The sub-genre of country music that seems to get the most crossover success is the downtempo adult-alternative lite ballad style, and "Girl Crush" is in the deep end of that.  Musically it sounds like a slow dance at a school prom for narcoleptics, not helped by the droning vocal melody.  Surpringly, "Girl Crush" also sets up the intrigue of a lesbian infatuation, in a usually conservative genre.  Oh, but of course the manage to knock her down, though.   The female singer's only verbally dolling this other girl up because -- get this -- she reminds her of her own man!  For example the line, "I want to taste her lips / Yeah, 'cause they taste like you".  This was still enough for some people to protest their local country radio stations for "promoting a gay agenda", which of course wasn't really the case.1  But while that ignorance speaks volumes about their conservative society, this song is so boring and toothless anyway, so I'll take any excuse to pull it off the turntable!

My Wildcard entry for this category is "Writing's On the Wall" by Sam Smith.  The theme from the latest James Bond film, Spectre, seems to be going for the same kind of slow-burning style of Adele's theme from Skyfall, but fails miserably.  There's no denying that the guy has range and even a little bit of power to his vocals, but so often he wastes his talents on these boring songs with nothing much going on musically.  It's like they took an orchestral piece from the soundtrack, slapped Sam's vocals on top, and just shipped it out the door.  It has a few good lyrical themes, so I can't bring myself to be too hard on it, but it's not something I'd listen to outside of the film it was made for.

Most Generic Rap/R&B Song
I have to admit, I don't like the direction mainstream rap is going these days.  All that drug-dealing, strip club-frequenting, product-placement-enforced luxury, having sex with YOUR girlfriend, and butchering of the English language, all irrespective of whether or not they actually lived in the ghettos where that sort of thing would be acceptable and/or desirable.  And no, it's NOT because I'm racist, but instead, it's because I know African-Americans are capable of so much more than what their (predominantly white?) producers have arbitrarily decided is easier to sell to us all.  So let's improve an entire race by symbolically sacrificing those who would drag it down.  NOTE: In addition to the Hot 100, nominees were also selected from the 2015 Hot R&B/Hip-Hop Songs and Hot Rap Songs charts.

- "Ayo" by Chris Brown & Tyga (#86)
- "Hit the Quan" by iLoveMemphis (#83, Rap #18)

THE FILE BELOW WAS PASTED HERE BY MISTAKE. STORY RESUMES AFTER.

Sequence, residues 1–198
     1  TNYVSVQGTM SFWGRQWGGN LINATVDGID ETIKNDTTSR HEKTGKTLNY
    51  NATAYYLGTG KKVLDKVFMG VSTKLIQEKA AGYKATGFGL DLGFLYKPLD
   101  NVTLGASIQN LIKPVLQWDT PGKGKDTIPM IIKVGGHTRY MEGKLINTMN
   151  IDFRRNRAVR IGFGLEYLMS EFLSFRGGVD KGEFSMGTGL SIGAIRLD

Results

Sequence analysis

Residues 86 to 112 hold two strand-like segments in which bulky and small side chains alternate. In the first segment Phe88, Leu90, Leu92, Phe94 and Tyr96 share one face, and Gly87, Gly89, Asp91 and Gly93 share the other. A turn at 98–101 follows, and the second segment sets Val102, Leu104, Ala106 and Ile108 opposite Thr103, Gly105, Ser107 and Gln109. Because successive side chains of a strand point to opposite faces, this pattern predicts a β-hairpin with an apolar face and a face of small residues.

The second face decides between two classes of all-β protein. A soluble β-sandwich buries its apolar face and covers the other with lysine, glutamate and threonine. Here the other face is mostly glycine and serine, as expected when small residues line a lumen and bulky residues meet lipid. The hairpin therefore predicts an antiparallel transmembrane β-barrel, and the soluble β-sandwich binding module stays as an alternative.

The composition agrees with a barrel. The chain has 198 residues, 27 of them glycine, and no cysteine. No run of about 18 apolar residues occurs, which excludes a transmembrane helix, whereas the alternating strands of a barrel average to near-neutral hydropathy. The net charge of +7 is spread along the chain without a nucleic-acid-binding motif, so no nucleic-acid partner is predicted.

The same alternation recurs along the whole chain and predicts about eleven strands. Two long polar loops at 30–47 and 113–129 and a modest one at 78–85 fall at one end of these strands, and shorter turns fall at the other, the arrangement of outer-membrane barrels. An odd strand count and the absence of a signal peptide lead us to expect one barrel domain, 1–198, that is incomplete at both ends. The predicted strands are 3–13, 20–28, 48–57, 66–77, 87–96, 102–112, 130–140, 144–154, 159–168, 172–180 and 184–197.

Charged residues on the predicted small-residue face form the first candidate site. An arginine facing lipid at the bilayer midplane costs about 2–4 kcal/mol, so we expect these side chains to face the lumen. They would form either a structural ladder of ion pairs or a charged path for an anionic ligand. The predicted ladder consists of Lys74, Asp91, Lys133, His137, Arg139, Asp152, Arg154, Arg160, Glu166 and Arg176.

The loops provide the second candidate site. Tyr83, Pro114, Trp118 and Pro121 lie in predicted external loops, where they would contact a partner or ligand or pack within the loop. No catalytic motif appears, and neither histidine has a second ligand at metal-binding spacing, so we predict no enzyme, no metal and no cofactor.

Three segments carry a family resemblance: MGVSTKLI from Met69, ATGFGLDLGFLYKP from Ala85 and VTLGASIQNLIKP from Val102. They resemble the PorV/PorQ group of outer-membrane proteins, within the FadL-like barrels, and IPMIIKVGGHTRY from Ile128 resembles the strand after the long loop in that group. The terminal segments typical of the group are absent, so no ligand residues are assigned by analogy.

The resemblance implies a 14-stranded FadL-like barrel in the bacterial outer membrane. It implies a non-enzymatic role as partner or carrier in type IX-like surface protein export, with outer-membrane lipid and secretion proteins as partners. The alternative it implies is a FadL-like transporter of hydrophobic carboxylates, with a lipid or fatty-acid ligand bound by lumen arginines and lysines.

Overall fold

- "Nasty Freestyle" by T-Wayne (#50, R&B/Hip-Hop #15)
- "No Type" by Rae Sremmurd (#70, R&B/Hip-Hop #25)
- "Post to Be" by Omarion, Chris Brown, and Jhené Aiko (#24, R&B/Hip-Hop #9)
- "Throw Sum Mo" by Rae Sremmurd, Nicki Minaj, & Young Thug (Rap #21)
- "Trap Queen" by Fetty Wap (#4, R&B/Hip-Hop #2)

The winner: "No Type" by Rae Sremmurd
The name "Rae Sremmurd" apparently means "Ear Drummers" spelled backward, and man is that an unfitting name for this juvenile rap duo.  "I don't got no type", the chorus of their song goes, immediately followed by, "Bad [noun]es is the only thing that I like".  Okay... casual misogyny aside, I thought you said you didn't have any specific taste in women, and now you're telling me that you do have a taste, and it's bad [noun]es?  I guess that is a wide enough category of females, given the phrase's over-use in hip-hop.  Whatever, what else is the song about?  "Chop the top off a Porsche / That's a headless horse"...  "Extendo long as an extension cord"...  "Blowing on the kush / 'Till I'm out of sight"... "I don't check the price / All I do is swipe"...  Yup, just as I thought: absolutely nothing.

Oh, and if you were curious as to what I thought was the worst song out of this category, I'd pick "Ayo" by Chris Brown and Tyga.  Sure, they breeze through all the cliches I listed at the top of this segment in this song, but they did manage to inject some personality into it all.  Namely, the personality of being douchebags.  Breezy, and to a lesser extent Tyga, have this smug cockiness about themselves which just manage to get at me.  How bad is it? When I watched the music video for this song, I flipped it the double-bird -- before the song itself even started.  Oh yeah, and Tyga can't rhyme to save his life.  I thought that was the first rule of rapping.

Most Generic Country Song
In an effort to divert any accusations of racism the previous category might have brought upon me, allow me to employ the same scrutiny to a genre whose production and consumer base are dominated by white people.  Now, sadly, Miranda Lambert's "Something Bad" from last year did not completely warm me up to country music, but I guess it was worth it if I managed to let the following songs slip me by.  But let's see if we can identify a pattern and pin down the epitome of that trend, shall we?  NOTE: In addition to the Hot 100, nominees were also selected from the 2015 Hot Country Songs chart.